There are no restrictions on numbers, hours of operation or location of betting shops. Betting shops are obliged to pay VAT at 15% on their commission, which varies between 10% and 12%. There is no VAT on horse race betting, but 15% VAT paid on BRC Betting Agents commission, which is currently 8% of the total betting turnover they generate. The agents turnover is approximately 87% of the total betting turnover.

A betting tax of 25% is imposed on all sports bets above normal business taxes and it is paid by the punter. A tax of 10% is imposed on every horse race bet and it is paid by the punter as well. An annual fee is C£5,000 (€8,715.85) for the Receivers of Collective Betting and C£300 (€523.158) for the Assistant Receivers. No license fees are paid by NRC.

There are no mandatory payments to good causes that have to be paid by betting operators. NRC, however, pays 1% to the Municipality of Agios Donetios, where the racecourse is situated.

In addition to the above employment in the NRC, at least 300 people are employed in the 140 stud farms. The 123 Betting Agents employ 250 people. There are also 66 trainers, 47 jockeys, 30 exercise jockeys and 55 grooms employed in the racing industry.

The Turkish side of the island is home to Turkbet the international telephone and Internet betting operation of Wilson Sports and Racing. During June 2002 Chartwell Technology’s wholly-owned subsidiary, Chartwell Games, was selected to design, construct and license an online casino for Turkbet.

Bingo

BINGO in Cyprus (known also as Tombola) operates widely. It involves comparatively large sums of prize money – C£5.000 (€8,722) or C£7.000 (€12,211). Bingo in Cyprus does not explicitly exclude children from playing.

There is also a BINGO in Cyprus which is carried out by the Government owned Cyprus Broadcasting Corporation (“ΡΙΚ” pronounced “RIK”) to be referred to as “CBC” whose license for the “SUPER BINGO” was granted by the Ministry of Finance, based not on the Betting Law No.75(I) of 1997, but a license granted by the Minister based on the LOTTERIES LAW.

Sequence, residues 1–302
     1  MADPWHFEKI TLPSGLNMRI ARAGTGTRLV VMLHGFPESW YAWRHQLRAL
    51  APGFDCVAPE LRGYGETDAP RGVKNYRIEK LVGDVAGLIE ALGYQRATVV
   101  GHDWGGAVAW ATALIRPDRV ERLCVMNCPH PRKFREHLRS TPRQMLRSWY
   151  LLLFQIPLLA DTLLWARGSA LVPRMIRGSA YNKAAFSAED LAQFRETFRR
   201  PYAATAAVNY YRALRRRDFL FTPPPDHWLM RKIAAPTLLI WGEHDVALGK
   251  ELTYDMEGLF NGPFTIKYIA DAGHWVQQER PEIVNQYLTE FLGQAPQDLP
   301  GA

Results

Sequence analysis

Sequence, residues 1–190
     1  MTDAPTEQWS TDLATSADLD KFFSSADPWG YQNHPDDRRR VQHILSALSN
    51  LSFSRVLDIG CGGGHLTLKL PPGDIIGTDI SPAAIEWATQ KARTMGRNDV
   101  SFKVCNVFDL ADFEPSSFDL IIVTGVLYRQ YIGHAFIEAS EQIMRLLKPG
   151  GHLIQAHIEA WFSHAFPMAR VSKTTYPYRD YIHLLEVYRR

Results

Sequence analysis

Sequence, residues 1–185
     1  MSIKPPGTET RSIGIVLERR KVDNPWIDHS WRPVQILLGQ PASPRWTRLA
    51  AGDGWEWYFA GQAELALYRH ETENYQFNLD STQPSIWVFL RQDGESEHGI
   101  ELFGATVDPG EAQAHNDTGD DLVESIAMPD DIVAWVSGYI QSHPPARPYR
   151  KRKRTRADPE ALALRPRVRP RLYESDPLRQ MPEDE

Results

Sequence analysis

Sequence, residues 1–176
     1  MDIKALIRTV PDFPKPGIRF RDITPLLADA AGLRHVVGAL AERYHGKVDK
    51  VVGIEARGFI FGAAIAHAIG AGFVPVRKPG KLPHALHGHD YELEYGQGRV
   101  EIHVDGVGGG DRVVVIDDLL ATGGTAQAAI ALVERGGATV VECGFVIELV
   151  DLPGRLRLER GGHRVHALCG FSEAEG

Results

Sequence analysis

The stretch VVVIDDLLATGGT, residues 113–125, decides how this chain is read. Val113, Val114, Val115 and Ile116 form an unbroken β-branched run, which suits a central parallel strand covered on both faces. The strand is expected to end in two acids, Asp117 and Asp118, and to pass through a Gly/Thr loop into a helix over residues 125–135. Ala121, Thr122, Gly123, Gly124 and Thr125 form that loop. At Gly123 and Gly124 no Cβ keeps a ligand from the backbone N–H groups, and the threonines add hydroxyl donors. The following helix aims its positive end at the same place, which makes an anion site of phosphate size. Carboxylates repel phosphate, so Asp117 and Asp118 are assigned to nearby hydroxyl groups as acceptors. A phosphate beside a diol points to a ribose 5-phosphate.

Bingo cards can be bought either at newspaper kiosks, on the web or by SMS.

CBC earned a profit of £700.000 (€1,221,128) from the BINGO from the 20 December 2004 to the beginning of March 2005, i.e. from 12 shows (it is carried out once a week every Monday). However, according to the Cypriot Ministry of Finance, gradually the profit from BINGO has fallen and it is estimated that in 2006 it is going to be £800.000. The receipts from BINGO go towards enhancing the income of CBC and thus reducing the annual government grant towards its annual budget.

In addition, there is a Charitable BINGO in Cyprus which takes place especially amongst ladies’ charitable organisations, where all the prize money goes exclusively to a charity. An example of such a Bingo game would be when 200 ladies gather for tea in the afternoon. Each one buys two cards, each costing C£3 (€5.23), so the charity collects C£600 (€1,046). Such charity organisations obtain a license from the Ministry of Finance if, for example, they wish to put up a car as prize money.

Media Gambling Services

A license has been granted by the Ministry of Finance to the Journalists Union for a lottery on a running basis with valuable prize money, like a house or an apartment. The Government does not collect any taxes and there are no official statistics to show how much money is staked.

Sales Promotional Gambling

Sales promotion is only permitted without money staked.

Charity Gambling

There is charitable Bingo organised in Cyprus.